• February 4, 2016 11:11 am

      It’s the same type yes. The juggling act is challenging and a shade tunnel (which I looked at too) would serve two purposes. Spring seedlings could be hardened off and late sowing of salad leaves could be protected over Winter. Maybe you do the latter in your greenhouse though.

      • February 4, 2016 11:13 am

        Yes I grow salad leaves all winter in the greenhouse but the problem is that after the end of May it is difficult to keep them alive on the garden under the burning sun.

  4. February 4, 2016 10:55 am

    I like the pop up greenhouse idea. It sounds like the best of both worlds for tomatoes.

  5. February 4, 2016 11:13 am

    I hope so and maybe I’ll try chillies too. If it’s manageable then I’ll go on to aubergines next year.

  6. February 4, 2016 3:48 pm

    I know exactly what you mean about the “crazy juggling” routine, a pop-up greenhouse sounds an ideal solution. I’m so pleased to hear that it’s not just me that gets in a tangle with plastic netting. I’ve tried an American polymer product via Simpsons The Walled Garden, it’s great, but I like Julie’s suggestion of a compostable jute equivalent. I checked my hellebores this morning, thrumming with honey bees but few flowers unmunched.

    • February 4, 2016 4:07 pm

      Yes the jute arrived within a day or two of me placing the order and will be great. Honey bees on your hellebore flowers-Spring is almost here.

      • February 4, 2016 4:09 pm

        The wild colonies we have venture out on fine days in winter … still I’d like to think spring is just around the corner!

  7. February 4, 2016 4:10 pm

    You are off to an amazing start, I love your enthusiasm.

    • February 4, 2016 4:17 pm

      That’s the joy of gardening but at this time of year it has to be all in the planning rather than in the doing.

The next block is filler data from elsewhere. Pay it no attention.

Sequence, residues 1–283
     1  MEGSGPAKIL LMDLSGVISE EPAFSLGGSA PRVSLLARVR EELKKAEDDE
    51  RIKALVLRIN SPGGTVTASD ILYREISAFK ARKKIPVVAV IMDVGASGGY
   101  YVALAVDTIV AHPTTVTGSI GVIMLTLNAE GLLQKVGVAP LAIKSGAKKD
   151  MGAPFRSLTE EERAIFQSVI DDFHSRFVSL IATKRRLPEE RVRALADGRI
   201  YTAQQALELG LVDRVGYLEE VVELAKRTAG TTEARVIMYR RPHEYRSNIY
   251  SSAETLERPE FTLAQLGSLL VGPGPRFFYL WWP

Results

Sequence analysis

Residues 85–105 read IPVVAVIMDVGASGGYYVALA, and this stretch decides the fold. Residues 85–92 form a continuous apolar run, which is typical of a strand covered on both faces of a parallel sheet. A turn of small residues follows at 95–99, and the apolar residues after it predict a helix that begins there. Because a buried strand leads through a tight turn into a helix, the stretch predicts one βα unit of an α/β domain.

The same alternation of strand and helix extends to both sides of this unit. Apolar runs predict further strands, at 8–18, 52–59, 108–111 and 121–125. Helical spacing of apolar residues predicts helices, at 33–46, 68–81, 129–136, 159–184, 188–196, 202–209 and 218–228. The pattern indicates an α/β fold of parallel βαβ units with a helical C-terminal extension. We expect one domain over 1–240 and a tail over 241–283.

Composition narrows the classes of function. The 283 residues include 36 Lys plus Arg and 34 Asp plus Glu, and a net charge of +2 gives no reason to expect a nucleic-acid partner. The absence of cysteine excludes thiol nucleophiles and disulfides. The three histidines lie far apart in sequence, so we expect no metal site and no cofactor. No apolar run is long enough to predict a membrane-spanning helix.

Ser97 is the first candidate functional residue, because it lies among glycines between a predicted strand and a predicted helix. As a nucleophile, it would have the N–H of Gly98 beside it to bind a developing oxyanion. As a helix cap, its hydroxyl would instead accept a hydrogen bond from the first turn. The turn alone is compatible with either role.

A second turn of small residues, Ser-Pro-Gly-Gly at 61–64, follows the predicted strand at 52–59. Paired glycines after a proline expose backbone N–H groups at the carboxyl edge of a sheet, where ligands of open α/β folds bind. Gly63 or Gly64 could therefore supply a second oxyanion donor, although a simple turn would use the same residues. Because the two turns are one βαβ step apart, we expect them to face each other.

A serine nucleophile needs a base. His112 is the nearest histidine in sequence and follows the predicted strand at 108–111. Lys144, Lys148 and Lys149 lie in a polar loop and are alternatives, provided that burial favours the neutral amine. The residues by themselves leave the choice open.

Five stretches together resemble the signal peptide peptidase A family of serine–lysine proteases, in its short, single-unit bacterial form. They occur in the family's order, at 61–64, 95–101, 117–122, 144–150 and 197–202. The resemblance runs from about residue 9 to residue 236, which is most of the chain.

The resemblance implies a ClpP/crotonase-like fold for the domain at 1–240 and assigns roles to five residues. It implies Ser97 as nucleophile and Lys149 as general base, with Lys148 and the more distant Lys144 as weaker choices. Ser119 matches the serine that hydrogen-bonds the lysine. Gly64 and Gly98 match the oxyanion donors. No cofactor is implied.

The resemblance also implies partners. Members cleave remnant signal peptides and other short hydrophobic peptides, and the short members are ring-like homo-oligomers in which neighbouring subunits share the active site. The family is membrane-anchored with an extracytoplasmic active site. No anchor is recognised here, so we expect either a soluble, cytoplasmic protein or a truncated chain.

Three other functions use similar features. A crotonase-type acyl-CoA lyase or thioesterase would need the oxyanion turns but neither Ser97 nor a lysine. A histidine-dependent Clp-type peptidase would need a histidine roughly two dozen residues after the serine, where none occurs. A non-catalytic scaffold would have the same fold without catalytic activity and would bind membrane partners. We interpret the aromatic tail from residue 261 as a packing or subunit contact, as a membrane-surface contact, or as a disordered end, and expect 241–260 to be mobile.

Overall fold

8. February 8, 2016 1:21 pm

    Love the blog. Thanks to Rusty Duck for showing me to you. 🙂 We are trialing a new type of green house as well as simple fencing all in one this year.

    We are building raised beds from pallets (save our backs), and then on the inside we are attaching pipe fastener clips. We then slot in tubing trough the clipes, one either side, to create a tunnel and the sheeting (or bird netting) over the top when we need, and remove when done. We can also susbsitute straight poles, should we prefer lower bird netting. (We have chickens who like nothing better than to scratch around in the garden beds, that’s why this year we are raising them higher.)

    • February 8, 2016 1:51 pm

      Thank=you. Gosh that all sounds great I especially like the option to cover and create a tunnel and then to un-cover as summer arrives. It’s so windy and wet here in the southwest I can’t imagine ever gardening again but of course I will.

  9. Spade & Dagger permalink
    February 8, 2016 3:31 pm

    On our moderately sized suburban allotment site (surrounded by housing) poly-anythings of any size have to be very well anchored down in every season, as they have the capacity to take flight in even quite moderate winds. Corner & edge pegs are not sufficiently secure (especially in cultivated loose ground) & the higher up tie-points tend to tear easily on cheaper polytunnels. The best solution is over the top straps (of the type used in camping to secure caravan awnings from billowing in the wind) attached on either side to really large pegs hammered deep into the ground.